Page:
"Billy is a great coach. He told me a lot about Swansea before I came here. He said to me that it was a good club, especially for young players. Both he and Graham are good people."
Having now spent just over a year in Swansea, Barrow has witnessed the coastal life of living in South Wales for himself.
"I am really happy in Swansea," he beams. "I have my girlfriend and daughter here, so I go to training and then go home to spend time with them. 
"My friend Adnan (Maric), who plays for the Under-21s is also here, and we both speak Swedish. We hang out a lot and play video games.
"I feel really at home here - with the team and the fans. During the first year, I learnt a lot and was getting to know the league and the toughness of it.
"I worked hard to try and get an opportunity, and I could see the guys in the team believed in me and that the manager believed in me."
Barrow couldn't have wished for a better introduction to the Premier League. Coming on as a substitute against Arsenal at the Liberty Stadium, the Swans were 1-0 down when the young winger entered the fray.
But despite his inexperience of playing in the English top-flight, the Gambian international's fleet of foot struck fear into Arsenal full-back Kieran Gibbs, who was booked for fouling the debutant as he raced forward from midfield in an attempt to penetrate the heart of the Gunners' defence with his first touch of the ball. 
Cue Sigurdsson's stunning free-kick and Bafe Gomis' headed winner, and the Swans had snatched victory from the jaws of defeat in spectacular fashion. But many could argue that Barrow's introduction proved the pivotal moment in the contest.
"I was not nervous, I was just proud and happy to come on," insists the seemingly fearless Barrow.
"I remember we had a lot of players injured and that I was the only winger on the bench. I had confidence that I was going to come on.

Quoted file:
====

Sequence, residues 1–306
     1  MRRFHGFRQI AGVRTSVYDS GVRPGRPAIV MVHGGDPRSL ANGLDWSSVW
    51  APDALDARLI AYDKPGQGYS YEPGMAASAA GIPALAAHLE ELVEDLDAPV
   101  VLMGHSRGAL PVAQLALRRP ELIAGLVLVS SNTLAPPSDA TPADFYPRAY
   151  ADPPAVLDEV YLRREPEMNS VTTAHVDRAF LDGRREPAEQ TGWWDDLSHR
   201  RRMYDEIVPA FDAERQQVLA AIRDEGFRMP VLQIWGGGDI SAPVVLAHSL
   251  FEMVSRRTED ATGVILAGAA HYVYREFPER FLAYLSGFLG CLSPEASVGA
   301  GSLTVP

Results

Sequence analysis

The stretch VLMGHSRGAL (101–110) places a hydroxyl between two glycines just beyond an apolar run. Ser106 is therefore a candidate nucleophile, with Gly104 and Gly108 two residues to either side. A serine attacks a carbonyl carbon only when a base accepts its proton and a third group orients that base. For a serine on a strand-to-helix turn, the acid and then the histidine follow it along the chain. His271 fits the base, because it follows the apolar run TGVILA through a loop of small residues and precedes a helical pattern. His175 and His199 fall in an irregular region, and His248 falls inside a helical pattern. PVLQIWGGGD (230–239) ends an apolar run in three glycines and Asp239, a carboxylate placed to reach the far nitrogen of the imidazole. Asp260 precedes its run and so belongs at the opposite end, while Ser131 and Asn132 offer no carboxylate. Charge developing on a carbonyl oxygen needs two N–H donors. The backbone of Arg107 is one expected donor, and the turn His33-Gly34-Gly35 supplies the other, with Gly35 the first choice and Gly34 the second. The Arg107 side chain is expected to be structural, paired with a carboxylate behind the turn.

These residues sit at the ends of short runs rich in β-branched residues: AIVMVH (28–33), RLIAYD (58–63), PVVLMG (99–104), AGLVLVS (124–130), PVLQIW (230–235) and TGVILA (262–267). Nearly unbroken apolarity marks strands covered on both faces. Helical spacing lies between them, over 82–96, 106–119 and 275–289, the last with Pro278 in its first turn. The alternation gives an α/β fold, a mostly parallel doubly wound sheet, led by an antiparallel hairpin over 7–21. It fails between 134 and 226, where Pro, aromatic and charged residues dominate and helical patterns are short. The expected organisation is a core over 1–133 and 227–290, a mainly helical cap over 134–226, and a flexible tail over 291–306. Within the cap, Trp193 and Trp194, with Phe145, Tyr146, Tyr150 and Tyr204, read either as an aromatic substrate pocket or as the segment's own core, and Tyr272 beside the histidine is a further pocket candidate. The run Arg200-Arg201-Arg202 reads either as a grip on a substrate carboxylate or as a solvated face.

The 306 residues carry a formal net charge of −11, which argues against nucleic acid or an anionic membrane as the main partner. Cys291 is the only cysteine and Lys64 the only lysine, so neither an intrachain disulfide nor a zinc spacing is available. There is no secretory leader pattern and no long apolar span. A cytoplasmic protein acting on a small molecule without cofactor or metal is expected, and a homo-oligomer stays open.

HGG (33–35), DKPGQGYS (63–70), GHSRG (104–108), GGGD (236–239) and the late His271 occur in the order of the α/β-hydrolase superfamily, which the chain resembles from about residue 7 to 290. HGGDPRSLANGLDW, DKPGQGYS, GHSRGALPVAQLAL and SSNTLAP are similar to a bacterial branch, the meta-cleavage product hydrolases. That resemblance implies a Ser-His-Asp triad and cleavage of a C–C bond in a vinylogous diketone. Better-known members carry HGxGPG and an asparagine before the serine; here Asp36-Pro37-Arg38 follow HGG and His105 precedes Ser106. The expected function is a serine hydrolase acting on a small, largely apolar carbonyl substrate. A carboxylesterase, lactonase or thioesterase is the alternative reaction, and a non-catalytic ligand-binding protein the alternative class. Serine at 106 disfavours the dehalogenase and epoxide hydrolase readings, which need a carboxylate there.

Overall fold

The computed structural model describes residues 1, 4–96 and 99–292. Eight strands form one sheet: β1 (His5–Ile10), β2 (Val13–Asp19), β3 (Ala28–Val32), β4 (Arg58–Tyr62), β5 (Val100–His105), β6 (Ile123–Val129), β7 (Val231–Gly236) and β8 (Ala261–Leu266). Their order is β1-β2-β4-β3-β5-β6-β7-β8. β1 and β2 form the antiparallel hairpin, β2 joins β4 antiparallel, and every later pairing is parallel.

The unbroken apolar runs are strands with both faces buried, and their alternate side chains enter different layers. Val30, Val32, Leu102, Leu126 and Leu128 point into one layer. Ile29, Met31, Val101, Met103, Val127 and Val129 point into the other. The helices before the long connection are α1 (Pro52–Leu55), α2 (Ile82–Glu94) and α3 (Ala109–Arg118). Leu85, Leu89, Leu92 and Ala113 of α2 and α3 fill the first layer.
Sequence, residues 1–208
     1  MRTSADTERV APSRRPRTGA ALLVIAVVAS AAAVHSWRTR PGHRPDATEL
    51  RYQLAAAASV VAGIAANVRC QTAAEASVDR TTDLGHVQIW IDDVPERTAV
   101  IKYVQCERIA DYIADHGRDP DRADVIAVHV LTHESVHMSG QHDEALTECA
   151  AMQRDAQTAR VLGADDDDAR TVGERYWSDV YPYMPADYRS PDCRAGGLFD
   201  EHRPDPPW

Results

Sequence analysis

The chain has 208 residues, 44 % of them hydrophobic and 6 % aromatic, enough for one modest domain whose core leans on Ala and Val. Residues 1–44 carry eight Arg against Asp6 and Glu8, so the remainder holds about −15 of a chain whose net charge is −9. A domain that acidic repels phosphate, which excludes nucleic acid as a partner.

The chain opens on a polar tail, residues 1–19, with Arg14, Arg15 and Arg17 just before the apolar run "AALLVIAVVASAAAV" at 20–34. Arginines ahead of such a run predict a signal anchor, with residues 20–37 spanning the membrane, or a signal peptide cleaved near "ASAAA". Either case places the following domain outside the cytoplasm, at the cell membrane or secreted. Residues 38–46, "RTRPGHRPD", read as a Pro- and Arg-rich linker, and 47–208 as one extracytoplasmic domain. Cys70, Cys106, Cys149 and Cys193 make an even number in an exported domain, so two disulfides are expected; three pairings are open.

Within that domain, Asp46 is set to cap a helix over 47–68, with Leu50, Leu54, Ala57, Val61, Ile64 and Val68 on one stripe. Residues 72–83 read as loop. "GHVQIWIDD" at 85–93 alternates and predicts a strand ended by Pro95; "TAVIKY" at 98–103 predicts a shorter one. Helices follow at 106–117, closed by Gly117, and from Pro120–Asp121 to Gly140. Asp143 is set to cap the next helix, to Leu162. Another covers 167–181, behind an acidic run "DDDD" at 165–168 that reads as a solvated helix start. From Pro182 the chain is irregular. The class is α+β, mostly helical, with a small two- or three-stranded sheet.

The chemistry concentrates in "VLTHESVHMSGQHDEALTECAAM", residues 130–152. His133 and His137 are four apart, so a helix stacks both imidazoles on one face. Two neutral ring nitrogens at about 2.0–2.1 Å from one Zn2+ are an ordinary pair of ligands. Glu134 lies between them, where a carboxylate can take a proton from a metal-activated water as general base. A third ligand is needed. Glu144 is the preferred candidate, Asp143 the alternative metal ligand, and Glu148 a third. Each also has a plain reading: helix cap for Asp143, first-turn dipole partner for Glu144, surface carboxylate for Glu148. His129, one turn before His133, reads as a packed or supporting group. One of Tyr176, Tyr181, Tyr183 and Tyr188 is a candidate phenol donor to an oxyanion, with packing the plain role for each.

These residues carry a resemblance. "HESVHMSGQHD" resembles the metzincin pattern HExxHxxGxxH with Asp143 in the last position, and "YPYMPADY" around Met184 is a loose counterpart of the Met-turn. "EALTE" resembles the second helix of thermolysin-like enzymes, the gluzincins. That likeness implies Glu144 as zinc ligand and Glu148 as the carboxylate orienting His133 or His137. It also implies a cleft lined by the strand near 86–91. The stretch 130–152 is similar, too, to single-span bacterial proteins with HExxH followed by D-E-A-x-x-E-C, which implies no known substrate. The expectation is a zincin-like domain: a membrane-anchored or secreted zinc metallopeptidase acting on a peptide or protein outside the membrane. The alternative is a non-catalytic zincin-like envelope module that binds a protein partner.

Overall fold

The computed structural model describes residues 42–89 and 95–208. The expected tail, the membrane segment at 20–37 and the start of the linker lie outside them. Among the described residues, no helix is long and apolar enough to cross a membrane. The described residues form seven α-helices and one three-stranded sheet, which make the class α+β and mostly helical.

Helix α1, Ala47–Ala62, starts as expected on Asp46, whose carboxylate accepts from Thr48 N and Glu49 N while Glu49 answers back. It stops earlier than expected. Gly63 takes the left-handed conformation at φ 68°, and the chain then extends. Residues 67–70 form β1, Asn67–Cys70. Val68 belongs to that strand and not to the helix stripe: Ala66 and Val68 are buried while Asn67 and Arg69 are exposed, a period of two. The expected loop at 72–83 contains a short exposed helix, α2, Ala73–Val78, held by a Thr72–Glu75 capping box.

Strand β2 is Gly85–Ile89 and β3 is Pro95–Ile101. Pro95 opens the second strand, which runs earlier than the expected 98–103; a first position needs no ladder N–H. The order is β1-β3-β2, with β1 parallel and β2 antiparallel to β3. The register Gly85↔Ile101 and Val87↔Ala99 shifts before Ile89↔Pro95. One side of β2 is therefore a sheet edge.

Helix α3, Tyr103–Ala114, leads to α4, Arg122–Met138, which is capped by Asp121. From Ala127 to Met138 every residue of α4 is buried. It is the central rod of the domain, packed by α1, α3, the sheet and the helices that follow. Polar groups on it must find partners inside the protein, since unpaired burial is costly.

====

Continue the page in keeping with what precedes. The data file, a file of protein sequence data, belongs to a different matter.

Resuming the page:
"I'm an offensive player and I like to attack space. The gaffer told me to enjoy the game and help the team defensively, but more so to just do my thing.
"It was fantastic to make my debut against Arsenal. It was a great team performance."
Since his impressive cameo against Arsenal, Barrow has gone on to make 16 first-team appearances for the Swans, while he has enjoyed loan spells with Championship outfits Nottingham Forest and Blackburn Rovers.
"I really enjoyed it at Nottingham Forest and Blackburn Rovers," adds Barrow. "I worked under good managers in Dougie Freedman and Gary Bowyer.
"But to get in the team, you have to be with them for a while so that you know the style of play and the players you play with.
"At Swansea, it's different. I already know all of the players and feel at home here.
"I can play from the start when the opportunity arises, but right now I think being brought on when opponents are tired is a useful option for the manager because I can hit space and help the team go forward.
"In the position I play, we have Jefferson (Montero), Andre (Ayew), Wayne (Routledge) and myself. It's great for me because I'm the youngest winger, so I am learning all the time from them."
But despite enjoying life in Swansea and the challenges of the Premier League, Barrow hasn't forgotten his African routes.
"My hometown was not the best, to be honest," reflects Barrow, returning to the topic of his birthplace. "Where I lived in Gambia, there were a lot of poor people.
"There are a lot of kids that love to play football, but they don't have the help to be the players they want to be.
"Whenever I get the chance, I go back to Gambia. Sometimes I try and give money, but I believe more in going and seeing with my own eyes and helping than just giving money."
Barrow's affinity for his home nation is reciprocated. He admits that the Premier League is popular in Gambia and that most of his countrymen are Swansea supporters now, who cheer on their country's rising star week-in-week-out. 
"I didn't know that at first, to be honest," laughs Barrow, when reminded that he is the first Gambian to play in the Premier League. "It was only when I saw people writing about it that I realised. 
"It makes me very proud to be able to do this for my country."